If some are apparently stuck, for example, in the Abrahamic herding stage of human development, then it does not follow that their ignorance of the nuances of a settled village life, is as a result of them not having "grown up".
      It is a result of their ignorance, not a result of their immaturity.
      Modernity and all the benefits…

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    7. Paul Richards

      integral operating system

      In reply to James Hill

      Appreciate the comment and grok the ideas outlined.
      James Hill wrote; " .... I suggest that we have not yet reached that modernity which those Philosophers of The Scottish Enlightenment defined as universal literacy and numeracy." Totally agree with this idea and put it to you that the group "The Scottish Enlightenment"[TSE] had a value system on highly evolved SDI* blue and early orange.
      With the knowledge they as a group were a well educated, widely read and a highly evolved group on this…

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    8. James Hill

      Industrial Designer

      In reply to Paul Richards

      Thanks Paul, for your considerations, though Adam Smith's declaration that his work aimed "to understand commercial society and better it" indicates that he would understand the "corporatism" that you mention.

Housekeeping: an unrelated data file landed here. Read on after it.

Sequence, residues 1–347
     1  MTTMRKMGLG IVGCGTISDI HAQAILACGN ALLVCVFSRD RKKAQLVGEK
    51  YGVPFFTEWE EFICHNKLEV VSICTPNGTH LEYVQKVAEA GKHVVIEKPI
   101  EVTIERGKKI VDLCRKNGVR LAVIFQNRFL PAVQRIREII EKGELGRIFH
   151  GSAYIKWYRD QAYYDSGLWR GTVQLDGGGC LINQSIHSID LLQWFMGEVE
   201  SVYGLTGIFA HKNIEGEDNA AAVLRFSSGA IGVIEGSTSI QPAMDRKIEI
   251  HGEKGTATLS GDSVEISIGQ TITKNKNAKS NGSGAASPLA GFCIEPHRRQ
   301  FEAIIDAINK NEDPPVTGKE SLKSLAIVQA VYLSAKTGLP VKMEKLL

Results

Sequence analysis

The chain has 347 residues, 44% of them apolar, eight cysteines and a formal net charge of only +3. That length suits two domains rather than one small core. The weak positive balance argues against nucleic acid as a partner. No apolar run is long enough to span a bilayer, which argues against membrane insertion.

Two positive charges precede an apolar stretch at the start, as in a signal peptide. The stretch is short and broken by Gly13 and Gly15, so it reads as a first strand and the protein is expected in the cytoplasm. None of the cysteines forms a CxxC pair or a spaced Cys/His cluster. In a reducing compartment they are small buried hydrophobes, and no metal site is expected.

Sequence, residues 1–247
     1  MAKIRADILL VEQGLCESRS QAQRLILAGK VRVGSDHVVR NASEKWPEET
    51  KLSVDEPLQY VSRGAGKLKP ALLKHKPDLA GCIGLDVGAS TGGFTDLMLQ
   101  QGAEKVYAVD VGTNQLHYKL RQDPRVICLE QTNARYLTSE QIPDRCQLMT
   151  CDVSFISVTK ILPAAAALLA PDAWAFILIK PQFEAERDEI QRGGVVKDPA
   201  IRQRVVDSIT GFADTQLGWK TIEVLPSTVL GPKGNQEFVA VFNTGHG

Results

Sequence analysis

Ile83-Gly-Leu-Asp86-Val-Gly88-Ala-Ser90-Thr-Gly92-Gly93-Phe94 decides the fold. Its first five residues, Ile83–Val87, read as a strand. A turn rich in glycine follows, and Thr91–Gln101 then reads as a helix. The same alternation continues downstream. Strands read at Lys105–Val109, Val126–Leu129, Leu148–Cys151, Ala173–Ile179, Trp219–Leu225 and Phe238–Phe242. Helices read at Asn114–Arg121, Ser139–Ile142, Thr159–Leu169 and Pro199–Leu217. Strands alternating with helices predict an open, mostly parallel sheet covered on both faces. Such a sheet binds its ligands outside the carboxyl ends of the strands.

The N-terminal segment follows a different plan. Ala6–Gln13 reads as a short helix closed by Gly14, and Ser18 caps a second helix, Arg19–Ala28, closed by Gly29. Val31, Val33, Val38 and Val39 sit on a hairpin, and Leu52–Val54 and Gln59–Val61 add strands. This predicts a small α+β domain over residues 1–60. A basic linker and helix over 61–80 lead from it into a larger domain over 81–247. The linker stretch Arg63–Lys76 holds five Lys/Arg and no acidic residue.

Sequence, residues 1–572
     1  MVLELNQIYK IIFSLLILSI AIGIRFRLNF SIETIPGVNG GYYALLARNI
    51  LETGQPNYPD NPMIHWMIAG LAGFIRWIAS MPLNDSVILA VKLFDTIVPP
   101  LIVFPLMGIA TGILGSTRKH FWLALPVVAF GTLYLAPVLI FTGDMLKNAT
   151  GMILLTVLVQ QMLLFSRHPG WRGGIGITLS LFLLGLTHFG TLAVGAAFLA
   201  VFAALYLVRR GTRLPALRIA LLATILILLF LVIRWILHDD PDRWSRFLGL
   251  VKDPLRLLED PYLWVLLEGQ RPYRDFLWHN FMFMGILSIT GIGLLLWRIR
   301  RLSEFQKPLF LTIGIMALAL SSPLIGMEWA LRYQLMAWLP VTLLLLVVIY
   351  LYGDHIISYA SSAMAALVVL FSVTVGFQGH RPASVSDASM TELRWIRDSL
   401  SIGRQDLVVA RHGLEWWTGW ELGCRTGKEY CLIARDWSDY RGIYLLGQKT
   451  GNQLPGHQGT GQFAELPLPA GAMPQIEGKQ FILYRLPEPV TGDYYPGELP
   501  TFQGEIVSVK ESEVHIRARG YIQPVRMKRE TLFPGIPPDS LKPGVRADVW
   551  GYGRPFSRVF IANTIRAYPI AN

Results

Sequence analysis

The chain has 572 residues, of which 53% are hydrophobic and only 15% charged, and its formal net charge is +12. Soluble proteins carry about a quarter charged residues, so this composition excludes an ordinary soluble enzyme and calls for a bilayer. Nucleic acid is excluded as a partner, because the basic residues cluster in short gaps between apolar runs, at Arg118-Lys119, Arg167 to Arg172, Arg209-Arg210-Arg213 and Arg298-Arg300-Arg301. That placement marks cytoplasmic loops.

The historical method which he introduced into economics is much neglected these days.
      Which is a shame, since some of the methods of corporatism were developed many many years ago.
      Though "corporatists" would be keen to see their "prey" devolve to a lower level of understanding the easier…

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    9. Paul Richards

      integral operating system

      In reply to James Hill

      A great converstion in context of applying relatively, new, safe and integral technology.
      James Hill wrote; "... that he would understand the "corporatism" that you mention." The principles of capitalism he would recognise within the holon of corporatism. But values used to apply capitalist principles today's culture he would not understand as capitalism. Our meritocracies SDi orange level of thinking or values opaque to his stage of personal development.
      Smith would only see see a regression…

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  3. Alice Kelly
    Alice Kelly is a Friend of The Conversation.

    sole parent

    It will be interesting to see what happens in Port Augusta in the next few years. The first solar powered greenhouse in the world which desalinates sea water into fresh water, extracts salts and minerals to be used on plants or sold, solar heats the greenhouse and creates electricity to run the system, is currently expanding into a full scale operation.
    http://www.sundropfarms.com/wp-content/uploads/2012/03/ADV06MAR12STF06.pdf